Moral philosophy, like much of philosophy generally, has been bedeviled by an obsession with seeking secure epistemological foundations and with dichotomies between mind and body, fact and value, subjectivity and objectivity, nature and normativity. These are still alive today in the realism-versus-antirealism debates in ethics. Peg O'Connor draws inspiration from the later Wittgenstein's philosophy to sidestep these pitfalls and develop a new approach to the grounding of ethics (i.e., metaethics) that looks to the interconnected nature of social practices, most especially those that Wittgenstein called “language games.” These language games provide structure and stability to our moral lives while they permit the flexibility to accommodate change in moral understandings and attitudes. To this end, O'Connor deploys new metaphors from architecture and knitting to describe her approach as “felted stabilism,” which locates morality in a large set of overlapping and crisscrossing language games such as engaging in moral inquiry, seeking justifications for our beliefs and actions, formulating reasons for actions, making judgments, disagreeing with other people or dissenting from dominant norms, manifesting moral understandings, and taking and assigning responsibility.
Despite the widely differing perspectives held by those who work in higher education, there is one goal upon which all educators and educational leaders agree: students should leave college stronger than they came. Now more than ever, today's students come to college with unique intellectual, emotional, relational, and spiritual challenges. They need more than appropriate curricula, programs, facilities, and resources. Educating college students well requires a concern for and commitment to a holistic vision of their care. This volume examines the calling that Christian educators—in both curricular and cocurricular settings—share in relation to the students they serve. Join this unique blend of experienced practitioners and researchers, including Miroslav Volf, Sharon Daloz Parks, and John Foubert, in considering how we can best nurture our students toward health, wholeness, and purpose.
In his previous book, Being Upright: Zen Meditation and the Bodhisattva Precepts, Reb Anderson Roshi described how we must become thoroughly grounded in conventional truth through the practice of compassion before we can receive the teachings of the ultimate truth. In The Third Turning of the Wheel, he introduces us to the next stage of our journey by invoking the wisdom of the Samdhinirmocana Sutra. According to Anderson, the main purpose behind this enigmatic sutra is to reconcile the apparent contradictions between the original teachings of the historical Buddha and the later teachings of Mahayana Buddhism. Anderson reflects on the great metaphysical questions proposed in the Samdhinirmocana Sutra—the nature of ultimate reality, the structure of human consciousness, the characteristics of phenomena, the stages of meditation, and the essential qualities of a buddha—with the clarity of a scholar and the insight of a practitioner.
First Published in 2003. Routledge is an imprint of Taylor & Francis, an informa company.
This book presents the first sustained articulation of a Foucauldian œuvre. It situates Foucault’s critique within the tradition of Kant’s call for a philosophical archaeology of reason; in parallel, it demonstrates the priority in Foucault’s thought of Nietzsche over Heidegger and the framing of reason against an ontology of power. Bregham Dalgliesh hereby claims that at the heart of the Foucauldian œuvre is the philosophical method of critical history. Its task is to make the will to know that drives thought conscious of itself as a problem, especially the regimes of truth that define our governmentalities. By revealing the contingency of their constituent parts of knowledge, power and ethics, Dalgliesh demonstrates that critical history offers an alternative mode of critique to the hithertofore singular reading of the intellectual heritage of enlightenment, while it fosters an agonistic concept of freedom in respect of our putatively necessary limits.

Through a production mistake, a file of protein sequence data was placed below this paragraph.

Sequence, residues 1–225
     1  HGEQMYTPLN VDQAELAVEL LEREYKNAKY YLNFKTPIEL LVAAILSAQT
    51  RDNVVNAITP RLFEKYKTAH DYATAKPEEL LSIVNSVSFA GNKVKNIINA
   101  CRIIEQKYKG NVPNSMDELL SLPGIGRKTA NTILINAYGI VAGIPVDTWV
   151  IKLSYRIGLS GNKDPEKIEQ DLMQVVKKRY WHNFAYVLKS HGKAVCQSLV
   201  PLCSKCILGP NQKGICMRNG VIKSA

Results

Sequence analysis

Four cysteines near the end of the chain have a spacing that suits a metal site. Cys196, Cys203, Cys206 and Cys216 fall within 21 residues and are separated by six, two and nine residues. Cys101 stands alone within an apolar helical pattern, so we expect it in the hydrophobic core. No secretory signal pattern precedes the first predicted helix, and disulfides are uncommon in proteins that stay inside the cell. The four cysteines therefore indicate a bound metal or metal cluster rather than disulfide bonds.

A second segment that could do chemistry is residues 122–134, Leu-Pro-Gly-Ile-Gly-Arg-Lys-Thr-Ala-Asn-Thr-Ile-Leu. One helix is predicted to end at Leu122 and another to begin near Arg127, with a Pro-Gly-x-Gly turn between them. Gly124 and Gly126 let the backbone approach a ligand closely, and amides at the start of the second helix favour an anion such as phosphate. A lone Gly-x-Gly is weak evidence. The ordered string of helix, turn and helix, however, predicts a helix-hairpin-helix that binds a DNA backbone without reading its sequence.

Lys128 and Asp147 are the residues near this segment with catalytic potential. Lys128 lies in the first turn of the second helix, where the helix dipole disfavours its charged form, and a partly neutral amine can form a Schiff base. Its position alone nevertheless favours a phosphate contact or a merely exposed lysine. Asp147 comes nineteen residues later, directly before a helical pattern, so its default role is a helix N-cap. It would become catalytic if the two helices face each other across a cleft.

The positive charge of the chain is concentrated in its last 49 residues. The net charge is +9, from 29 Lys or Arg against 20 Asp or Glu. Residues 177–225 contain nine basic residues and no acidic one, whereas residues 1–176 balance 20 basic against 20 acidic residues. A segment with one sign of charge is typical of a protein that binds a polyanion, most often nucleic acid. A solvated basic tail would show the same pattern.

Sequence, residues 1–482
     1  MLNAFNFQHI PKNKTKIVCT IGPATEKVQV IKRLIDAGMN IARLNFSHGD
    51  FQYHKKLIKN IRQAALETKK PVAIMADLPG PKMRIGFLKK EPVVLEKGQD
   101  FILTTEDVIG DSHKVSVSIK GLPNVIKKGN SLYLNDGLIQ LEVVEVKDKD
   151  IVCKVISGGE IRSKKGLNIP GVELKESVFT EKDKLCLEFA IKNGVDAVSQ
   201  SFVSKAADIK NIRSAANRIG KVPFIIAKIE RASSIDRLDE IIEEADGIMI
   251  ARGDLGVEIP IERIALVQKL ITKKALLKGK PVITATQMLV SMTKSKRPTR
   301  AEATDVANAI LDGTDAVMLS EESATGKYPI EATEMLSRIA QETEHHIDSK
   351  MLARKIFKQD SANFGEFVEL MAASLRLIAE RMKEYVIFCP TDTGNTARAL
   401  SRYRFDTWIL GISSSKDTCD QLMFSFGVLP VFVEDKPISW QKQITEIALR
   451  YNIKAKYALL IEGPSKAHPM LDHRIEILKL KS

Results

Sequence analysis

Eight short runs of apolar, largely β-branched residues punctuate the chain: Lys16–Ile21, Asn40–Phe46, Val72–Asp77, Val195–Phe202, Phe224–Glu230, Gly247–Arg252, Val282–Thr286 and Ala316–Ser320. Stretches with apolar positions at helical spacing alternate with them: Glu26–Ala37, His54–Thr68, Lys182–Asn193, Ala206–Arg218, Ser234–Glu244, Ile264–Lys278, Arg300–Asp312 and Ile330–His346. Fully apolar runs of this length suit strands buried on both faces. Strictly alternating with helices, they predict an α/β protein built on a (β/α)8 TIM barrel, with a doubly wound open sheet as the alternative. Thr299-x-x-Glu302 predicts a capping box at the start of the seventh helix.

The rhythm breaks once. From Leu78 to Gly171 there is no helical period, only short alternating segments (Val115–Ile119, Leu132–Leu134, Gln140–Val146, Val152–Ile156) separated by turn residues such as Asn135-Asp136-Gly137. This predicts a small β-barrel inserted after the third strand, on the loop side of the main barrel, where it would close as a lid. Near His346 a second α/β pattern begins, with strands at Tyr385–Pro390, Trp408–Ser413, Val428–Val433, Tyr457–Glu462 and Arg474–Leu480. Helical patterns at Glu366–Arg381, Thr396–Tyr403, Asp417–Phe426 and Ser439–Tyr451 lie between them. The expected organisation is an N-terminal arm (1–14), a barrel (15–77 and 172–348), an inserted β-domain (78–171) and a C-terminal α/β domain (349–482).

Taking a Fresh Look at Education: Framing Professional Learning in Education through Self-Study examines the use of self-study in professional learning through justice in education, collaboration, teacher education, and the concept of a Professional Working Theory. Justice in education includes research on pedagogy in inclusive practices, on social justice issues within a doctoral program through the lens of critical race theory, and on indigenous epistemologies and experiences. Collaboration can be seen across several chapters as an integral part of teacher education, and is discussed specifically in chapters addressing research on praxis inquiry within Active Group Practice (a collaborative dynamic) – and on collaboration as a critical aspect of self-study research by teachers addressing efficacy of practice for students with significant disabilities. Included in the discussion on teacher education is research on the beliefs and practices of mid- and later-career literacy/English teacher educators. Professional Working Theory (PWT) addresses the critical aspects of teacher knowledge, experience, and ethics. Specifically, this book includes research on examining the process involved in developing a PWT, on the development of teacher identity of preservice teachers through their engagement in creating PWTs, and on the process of and reflections on developing PWTs with teacher educators and U.A.E. and U.S.A. graduate students within the context of literacy and special education. This book brings to the fore the work of Mary C. Dalmau as a teacher educator whose career embodies the values of inclusion across educational settings, the empowerment of teachers, and the importance of ethics in educational decision making.